You may recognize vitamin B7 by its popular name of biotin. It is a water-soluble B vitamin found naturally in some foods and also in supplements. Biotin plays a vital role in assisting enzymes to break down fats, carbohydrates, and proteins in food. It also helps to regulate signals sent by cells and the activity of genes. 
An RDA (Recommended Dietary Allowance) does not exist for biotin because there is not enough evidence to suggest a daily amount needed by most healthy people. Instead, there is an AI (Adequate Intake) level, which is assumed to ensure nutritional adequacy.
AI: The AI for biotin for men and women 19 years and older and for pregnant women is 30 micrograms daily. Lactating women need 35 micrograms daily.
UL: A Tolerable Upper Intake Level (UL) is the maximum daily dose unlikely to cause adverse side effects in the general population. There is no UL for biotin due to a lack of reports showing negative effects from very high intakes.
Vitamin B7 and Health
Biotin supplements are often glamorized as a treatment for hair loss and to promote healthy hair, skin, and nails. Although a deficiency of biotin can certainly lead to hair loss and skin or nail problems, evidence showing a benefit of supplementation is inconclusive. A handful of case reports and small trials have shown a benefit, but the study designs had weaknesses:
- The diagnoses of the type of hair conditions varied or were not cited at all. Researchers have also noted that certain hair loss conditions like alopecia can resolve spontaneously without treatment, so it is not clear that biotin supplements specifically caused the regrowth. 
- The studies did not measure the participants’ baseline blood levels of biotin to see if they were normal or deficient. Some research suggests that biotin supplements may be of most benefit in people who have a deficiency of the nutrient; however, again, there is a lack of studies that have measured biotin levels before and during supplementation to confirm this conclusion. [3,4]
- To date, there is a lack of published studies to suggest that biotin supplements are beneficial for the growth of normal, healthy hair and nails. [2,5]
In November 2017, the U.S. Food and Drug Administration (FDA) issued a warning based on reports of biotin supplements interfering with laboratory blood tests, causing incorrect results. High doses have produced either falsely elevated or decreased blood levels, depending on the test. This has affected lab results of certain hormones, such as thyroid-stimulating hormone and vitamin D, as well as a biomarker for heart attacks called troponin.  Case reports of this occurrence showed people taking biotin amounts much higher than the AI level (30 micrograms daily or 0.03 mg) but in doses commonly found in supplements (10-300 mg). Biotin is often added to multivitamins and hair/nail/skin supplements. The FDA recommends that people inform their doctors at each visit of all supplements and doses they are taking.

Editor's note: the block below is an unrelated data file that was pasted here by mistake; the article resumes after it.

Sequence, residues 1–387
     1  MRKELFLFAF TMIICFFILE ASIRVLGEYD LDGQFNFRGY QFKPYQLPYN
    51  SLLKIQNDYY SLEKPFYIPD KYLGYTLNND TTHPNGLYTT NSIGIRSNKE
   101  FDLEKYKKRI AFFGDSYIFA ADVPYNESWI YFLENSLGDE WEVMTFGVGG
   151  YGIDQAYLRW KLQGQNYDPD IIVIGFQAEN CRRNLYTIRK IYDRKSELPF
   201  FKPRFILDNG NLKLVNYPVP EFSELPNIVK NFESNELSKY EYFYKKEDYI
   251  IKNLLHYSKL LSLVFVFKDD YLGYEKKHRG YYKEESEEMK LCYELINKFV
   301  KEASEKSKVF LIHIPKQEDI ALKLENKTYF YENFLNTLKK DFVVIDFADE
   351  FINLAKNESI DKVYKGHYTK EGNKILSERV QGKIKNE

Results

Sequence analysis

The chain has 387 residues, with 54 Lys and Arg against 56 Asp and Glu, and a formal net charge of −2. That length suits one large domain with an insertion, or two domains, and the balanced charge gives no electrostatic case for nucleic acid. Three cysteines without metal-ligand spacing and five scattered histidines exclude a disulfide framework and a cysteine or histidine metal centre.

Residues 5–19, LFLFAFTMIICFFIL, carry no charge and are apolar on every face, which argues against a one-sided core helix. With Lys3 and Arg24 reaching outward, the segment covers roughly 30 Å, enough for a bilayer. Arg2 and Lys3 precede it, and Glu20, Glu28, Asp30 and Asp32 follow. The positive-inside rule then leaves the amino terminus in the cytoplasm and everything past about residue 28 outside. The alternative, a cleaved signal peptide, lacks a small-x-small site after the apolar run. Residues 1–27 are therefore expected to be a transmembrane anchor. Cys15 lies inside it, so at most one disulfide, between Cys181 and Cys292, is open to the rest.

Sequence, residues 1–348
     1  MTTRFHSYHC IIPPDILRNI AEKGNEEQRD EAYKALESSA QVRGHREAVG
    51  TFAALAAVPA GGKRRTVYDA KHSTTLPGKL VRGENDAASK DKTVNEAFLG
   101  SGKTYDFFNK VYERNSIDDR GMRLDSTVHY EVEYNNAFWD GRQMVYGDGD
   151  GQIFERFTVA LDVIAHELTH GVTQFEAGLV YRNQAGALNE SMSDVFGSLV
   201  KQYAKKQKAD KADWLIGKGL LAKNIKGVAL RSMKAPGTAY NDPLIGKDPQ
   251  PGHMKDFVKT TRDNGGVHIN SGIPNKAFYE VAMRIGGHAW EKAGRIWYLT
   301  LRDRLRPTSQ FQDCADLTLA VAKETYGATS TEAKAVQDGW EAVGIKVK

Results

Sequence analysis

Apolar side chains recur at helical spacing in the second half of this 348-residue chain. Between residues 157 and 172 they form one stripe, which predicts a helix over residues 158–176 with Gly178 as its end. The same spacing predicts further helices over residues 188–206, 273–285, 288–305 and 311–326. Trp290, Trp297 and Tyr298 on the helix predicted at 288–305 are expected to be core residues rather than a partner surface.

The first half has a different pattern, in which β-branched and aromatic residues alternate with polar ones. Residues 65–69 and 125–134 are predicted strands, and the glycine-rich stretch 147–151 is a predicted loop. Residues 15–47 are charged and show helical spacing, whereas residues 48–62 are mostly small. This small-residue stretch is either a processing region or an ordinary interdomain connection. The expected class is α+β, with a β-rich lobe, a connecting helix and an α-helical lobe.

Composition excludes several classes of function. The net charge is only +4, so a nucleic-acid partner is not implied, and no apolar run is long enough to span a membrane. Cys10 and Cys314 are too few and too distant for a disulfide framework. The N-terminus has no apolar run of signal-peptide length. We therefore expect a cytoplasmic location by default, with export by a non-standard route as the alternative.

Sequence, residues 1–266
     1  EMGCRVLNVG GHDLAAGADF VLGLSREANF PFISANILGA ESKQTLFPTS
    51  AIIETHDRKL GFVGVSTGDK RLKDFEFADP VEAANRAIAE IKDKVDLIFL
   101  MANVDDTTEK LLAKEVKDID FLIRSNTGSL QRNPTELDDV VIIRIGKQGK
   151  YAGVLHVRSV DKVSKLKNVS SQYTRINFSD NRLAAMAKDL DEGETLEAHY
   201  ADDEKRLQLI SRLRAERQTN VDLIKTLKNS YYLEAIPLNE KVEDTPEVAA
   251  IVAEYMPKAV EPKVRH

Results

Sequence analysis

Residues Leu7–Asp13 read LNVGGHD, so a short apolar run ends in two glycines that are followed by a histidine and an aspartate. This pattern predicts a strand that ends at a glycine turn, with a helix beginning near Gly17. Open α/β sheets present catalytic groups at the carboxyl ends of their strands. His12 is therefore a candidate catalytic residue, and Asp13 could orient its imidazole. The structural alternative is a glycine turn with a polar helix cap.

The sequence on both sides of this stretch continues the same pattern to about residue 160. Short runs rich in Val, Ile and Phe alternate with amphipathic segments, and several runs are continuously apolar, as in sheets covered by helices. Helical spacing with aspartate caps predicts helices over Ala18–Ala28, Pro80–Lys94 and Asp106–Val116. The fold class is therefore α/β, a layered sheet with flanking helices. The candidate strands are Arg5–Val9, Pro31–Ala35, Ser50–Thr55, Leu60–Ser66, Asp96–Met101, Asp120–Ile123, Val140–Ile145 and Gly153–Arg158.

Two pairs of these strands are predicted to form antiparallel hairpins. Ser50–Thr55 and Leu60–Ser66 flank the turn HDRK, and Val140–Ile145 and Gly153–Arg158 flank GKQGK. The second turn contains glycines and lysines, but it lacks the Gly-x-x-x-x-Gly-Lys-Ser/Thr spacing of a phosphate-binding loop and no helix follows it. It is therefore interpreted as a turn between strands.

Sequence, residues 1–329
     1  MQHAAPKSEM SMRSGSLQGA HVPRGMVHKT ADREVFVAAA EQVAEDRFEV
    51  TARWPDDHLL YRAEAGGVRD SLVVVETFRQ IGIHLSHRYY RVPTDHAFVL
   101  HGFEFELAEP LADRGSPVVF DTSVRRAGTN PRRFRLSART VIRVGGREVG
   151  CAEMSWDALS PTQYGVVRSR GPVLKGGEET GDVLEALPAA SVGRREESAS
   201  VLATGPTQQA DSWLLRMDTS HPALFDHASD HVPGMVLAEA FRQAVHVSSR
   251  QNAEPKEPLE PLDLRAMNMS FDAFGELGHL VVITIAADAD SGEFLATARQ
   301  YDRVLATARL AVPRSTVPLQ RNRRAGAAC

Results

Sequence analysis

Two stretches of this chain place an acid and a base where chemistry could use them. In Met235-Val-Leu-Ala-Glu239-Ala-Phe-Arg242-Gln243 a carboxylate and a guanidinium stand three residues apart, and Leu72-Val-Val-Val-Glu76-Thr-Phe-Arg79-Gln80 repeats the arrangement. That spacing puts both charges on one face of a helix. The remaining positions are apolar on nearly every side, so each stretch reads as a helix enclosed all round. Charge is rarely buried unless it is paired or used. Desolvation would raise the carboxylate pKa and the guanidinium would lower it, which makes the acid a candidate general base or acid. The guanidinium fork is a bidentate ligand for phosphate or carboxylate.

Signs of Deficiency and Toxicity
A biotin deficiency in the U.S. is rare, as most people eat enough biotin in a varied diet. Alcoholism can increase the risk of biotin deficiency and many other nutrients as alcohol can block their absorption, and also because alcohol abuse is generally associated with a poor dietary intake. About a third of pregnant women show a mild biotin deficiency despite eating adequate intakes, though the exact reason is not clear. 
Symptoms appearing with a biotin deficiency:
- Thinning hair
- Scaly skin rashes around eyes, nose, mouth
- Brittle nails
No evidence in humans has shown a toxicity of biotin even with high intakes. Because it is water-soluble, any excess amount will leave through the urine. There is no established upper limit or toxic level for biotin.
Did You Know?
Those who frequently enjoy raw eggs in recipes for mayonnaise, Caesar dressing, or eggnog may want to reconsider. A protein in raw eggs called avidin can bind to biotin, preventing its absorption. Cooked eggs are not an issue because avidin is broken down when heated.
- National Institutes of Health; Office of Dietary Supplements. Biotin: Fact Sheet for Health Professionals. https://ods.od.nih.gov/factsheets/Biotin-HealthProfessional/. Accessed 6/10/19.
- Walth CB, Wessman LL, Wipf A, Carina A, Hordinsky MK, Farah RS. Response to: “Rethinking biotin therapy for hair, nail, and skin disorders”. Journal of the American Academy of Dermatology. 2018 Dec 1;79(6):e121-4.
- Lipner SR. Rethinking biotin therapy for hair, nail, and skin disorders. Journal of the American Academy of Dermatology. 2018 Jun 1;78(6):1236-8.
- Lipner S. Reply to:“Response to ‘Rethinking biotin therapy for hair, nail, and skin disorders’”. Journal of the American Academy of Dermatology. 2018 Dec 1;79(6).
- Patel DP, Swink SM, Castelo-Soccio L. A review of the use of biotin for hair loss. Skin appendage disorders. 2017;3(3):166-9.
- S. Food and Drug Administration. The FDA Warns that Biotin May Interfere with Lab Tests: FDA Safety Communication. https://www.fda.gov/medical-devices/safety-communications/fda-warns-biotin-may-interfere-lab-tests-fda-safety-communication Accessed June 10, 2019.
The contents of this website are for educational purposes and are not intended to offer personal medical advice. You should seek the advice of your physician or other qualified health provider with any questions you may have regarding a medical condition. Never disregard professional medical advice or delay in seeking it because of something you have read on this website. The Nutrition Source does not recommend or endorse any products.